If you have not yet read Tim Cook’s letter from earlier this week, do so now. Apple’s public stance on this issue is very respectable and representative of the immense social impact that technology giants can have on our culture, for better or worse. This situation might finally bring the security vs. privacy, law enforcement vs. liberty debate to a head in the United States. A piece I read this morning, though, shed light on another perhaps greater impact that an FBI “win” could have.
I, like any decent U.S. citizen, would like for justice in the San Bernardino shooting case. I mourn the loss of 14 innocent lives in the best way I know how from afar. Discovering the truth and executing justice is critical to comfort the surviving family and friends and to dissuade future attacks. However, the FBI’s ask of Apple to build a new version of iOS to allow for backdoor access to data on a confiscated iPhone does set “a dangerous precedent.” The government and all organizations, for that matter, have an increasingly poor track record with data security. If a backdoor is technically enabled, what could prevent that access from being utilized again in the future by bad actors inside or outside of the government?
Furthermore, I came across an update by ProtonMail, an end-to-end encrypted email provider in Switzerland, this morning that made me realize a deeper implication of this case. In their memo on a day scheduled for a major release of their software they stated:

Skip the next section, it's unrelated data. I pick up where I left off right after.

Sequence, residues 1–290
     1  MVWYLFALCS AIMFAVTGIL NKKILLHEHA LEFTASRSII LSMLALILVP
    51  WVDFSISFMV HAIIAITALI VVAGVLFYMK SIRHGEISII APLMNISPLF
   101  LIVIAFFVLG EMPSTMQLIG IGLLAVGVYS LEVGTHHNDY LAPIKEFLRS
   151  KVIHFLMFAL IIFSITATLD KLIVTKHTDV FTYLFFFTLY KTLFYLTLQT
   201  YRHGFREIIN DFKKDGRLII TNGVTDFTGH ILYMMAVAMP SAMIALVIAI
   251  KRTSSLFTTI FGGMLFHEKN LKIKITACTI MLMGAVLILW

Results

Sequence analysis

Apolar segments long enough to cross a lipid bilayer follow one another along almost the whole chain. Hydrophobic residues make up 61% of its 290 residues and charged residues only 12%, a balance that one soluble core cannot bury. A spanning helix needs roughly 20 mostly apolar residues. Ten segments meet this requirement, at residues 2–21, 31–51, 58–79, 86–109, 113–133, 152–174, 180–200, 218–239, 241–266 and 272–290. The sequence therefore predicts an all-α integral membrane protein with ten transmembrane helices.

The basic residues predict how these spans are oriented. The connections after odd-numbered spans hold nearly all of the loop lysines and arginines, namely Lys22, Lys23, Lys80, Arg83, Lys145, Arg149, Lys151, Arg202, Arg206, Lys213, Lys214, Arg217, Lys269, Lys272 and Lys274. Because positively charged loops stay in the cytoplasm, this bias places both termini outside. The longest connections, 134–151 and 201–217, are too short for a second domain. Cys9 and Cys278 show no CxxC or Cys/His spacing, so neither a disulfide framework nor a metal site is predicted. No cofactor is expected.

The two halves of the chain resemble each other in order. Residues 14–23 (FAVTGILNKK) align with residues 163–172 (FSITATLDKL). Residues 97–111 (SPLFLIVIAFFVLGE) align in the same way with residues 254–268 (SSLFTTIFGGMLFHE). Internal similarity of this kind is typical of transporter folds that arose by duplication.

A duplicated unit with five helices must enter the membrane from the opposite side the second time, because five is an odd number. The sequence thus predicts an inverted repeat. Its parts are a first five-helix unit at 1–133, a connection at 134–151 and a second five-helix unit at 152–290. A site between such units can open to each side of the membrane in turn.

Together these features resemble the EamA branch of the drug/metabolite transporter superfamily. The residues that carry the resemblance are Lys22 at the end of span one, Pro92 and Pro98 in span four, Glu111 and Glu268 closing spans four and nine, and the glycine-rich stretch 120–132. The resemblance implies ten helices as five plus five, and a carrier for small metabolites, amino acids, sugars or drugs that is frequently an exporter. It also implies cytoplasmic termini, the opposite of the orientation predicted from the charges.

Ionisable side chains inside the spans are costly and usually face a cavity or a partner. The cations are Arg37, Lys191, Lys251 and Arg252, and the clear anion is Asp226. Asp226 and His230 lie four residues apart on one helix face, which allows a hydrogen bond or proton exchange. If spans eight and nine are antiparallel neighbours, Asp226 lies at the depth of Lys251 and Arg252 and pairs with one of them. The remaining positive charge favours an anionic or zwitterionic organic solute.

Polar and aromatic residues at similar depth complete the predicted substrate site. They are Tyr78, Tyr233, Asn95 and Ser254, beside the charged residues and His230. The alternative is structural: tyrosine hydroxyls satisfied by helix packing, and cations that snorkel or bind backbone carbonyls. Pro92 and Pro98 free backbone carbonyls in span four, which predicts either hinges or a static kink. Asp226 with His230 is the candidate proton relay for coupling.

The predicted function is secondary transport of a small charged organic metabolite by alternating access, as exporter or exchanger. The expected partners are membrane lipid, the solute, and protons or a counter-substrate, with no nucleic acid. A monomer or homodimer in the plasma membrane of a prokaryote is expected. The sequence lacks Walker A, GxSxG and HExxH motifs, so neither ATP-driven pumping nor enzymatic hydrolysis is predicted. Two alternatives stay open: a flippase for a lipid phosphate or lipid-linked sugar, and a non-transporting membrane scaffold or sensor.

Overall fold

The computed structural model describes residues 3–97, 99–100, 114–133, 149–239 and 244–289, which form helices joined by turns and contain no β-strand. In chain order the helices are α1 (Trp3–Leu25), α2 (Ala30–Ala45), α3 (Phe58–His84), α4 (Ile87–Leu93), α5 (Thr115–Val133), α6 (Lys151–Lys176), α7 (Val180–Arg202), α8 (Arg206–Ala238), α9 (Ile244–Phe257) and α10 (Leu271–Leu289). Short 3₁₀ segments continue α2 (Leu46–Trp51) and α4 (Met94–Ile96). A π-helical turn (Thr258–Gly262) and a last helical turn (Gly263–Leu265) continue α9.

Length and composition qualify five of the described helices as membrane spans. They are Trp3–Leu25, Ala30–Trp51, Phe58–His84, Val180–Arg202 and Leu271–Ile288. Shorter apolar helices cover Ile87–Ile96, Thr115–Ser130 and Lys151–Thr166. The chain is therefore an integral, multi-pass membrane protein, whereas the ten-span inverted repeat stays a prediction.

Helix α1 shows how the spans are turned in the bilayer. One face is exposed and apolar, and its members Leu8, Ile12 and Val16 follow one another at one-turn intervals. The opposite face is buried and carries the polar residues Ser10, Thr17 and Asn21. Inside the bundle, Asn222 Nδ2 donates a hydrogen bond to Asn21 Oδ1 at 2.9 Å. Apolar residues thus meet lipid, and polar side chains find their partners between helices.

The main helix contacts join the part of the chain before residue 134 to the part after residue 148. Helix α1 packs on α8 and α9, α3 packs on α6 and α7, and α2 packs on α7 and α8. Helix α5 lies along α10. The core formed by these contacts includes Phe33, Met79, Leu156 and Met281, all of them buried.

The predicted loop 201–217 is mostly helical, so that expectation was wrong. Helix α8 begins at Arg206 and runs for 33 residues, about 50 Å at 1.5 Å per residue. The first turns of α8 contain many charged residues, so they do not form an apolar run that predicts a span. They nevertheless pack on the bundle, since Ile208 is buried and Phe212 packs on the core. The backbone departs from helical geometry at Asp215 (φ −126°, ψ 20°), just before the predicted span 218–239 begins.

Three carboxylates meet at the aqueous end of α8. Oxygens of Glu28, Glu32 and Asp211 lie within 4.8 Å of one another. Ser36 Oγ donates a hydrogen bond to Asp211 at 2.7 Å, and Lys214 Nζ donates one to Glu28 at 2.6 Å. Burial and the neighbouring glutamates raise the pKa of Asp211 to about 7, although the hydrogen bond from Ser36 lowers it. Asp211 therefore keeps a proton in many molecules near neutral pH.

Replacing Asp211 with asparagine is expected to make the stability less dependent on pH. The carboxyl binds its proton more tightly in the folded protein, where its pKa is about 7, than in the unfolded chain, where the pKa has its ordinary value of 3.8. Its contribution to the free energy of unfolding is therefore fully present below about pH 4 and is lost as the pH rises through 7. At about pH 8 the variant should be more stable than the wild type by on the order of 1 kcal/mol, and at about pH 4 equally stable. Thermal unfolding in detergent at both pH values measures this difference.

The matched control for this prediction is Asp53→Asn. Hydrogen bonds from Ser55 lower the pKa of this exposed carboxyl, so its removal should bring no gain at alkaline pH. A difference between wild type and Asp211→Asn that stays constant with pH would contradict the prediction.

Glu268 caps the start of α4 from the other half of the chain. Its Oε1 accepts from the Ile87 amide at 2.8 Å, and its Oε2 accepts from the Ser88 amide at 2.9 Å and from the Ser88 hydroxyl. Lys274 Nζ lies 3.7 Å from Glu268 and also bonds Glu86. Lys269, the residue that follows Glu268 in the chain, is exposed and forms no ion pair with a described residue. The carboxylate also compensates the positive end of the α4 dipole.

Even though ProtonMail is a Swiss company, Apple is a US corporation, so all apps provided through the app store must comply with US encryption export restrictions. This leads us to the surreal situation where software from a Swiss company needs US government approval to be distributed.
In this global economy, the decisions and policies made by major U.S. technology firms, by choice or by force, have a profound impact on developers and consumers globally. Since Apple and Google control the distribution platforms for the wide-reaching iOS and Android platforms, privacy-focused creators in privacy-respecting countries abroad could still have their encrypted products thwarted by a big-brother U.S. government. Encrypted communication will never be impossible, save for maybe a global and permanent EMP of some sort. An increasingly common surveillance state could make the barrier of entry to such tools too difficult for the ordinary citizen, while terrorists and criminals with the resources can still communicate privately with relative ease.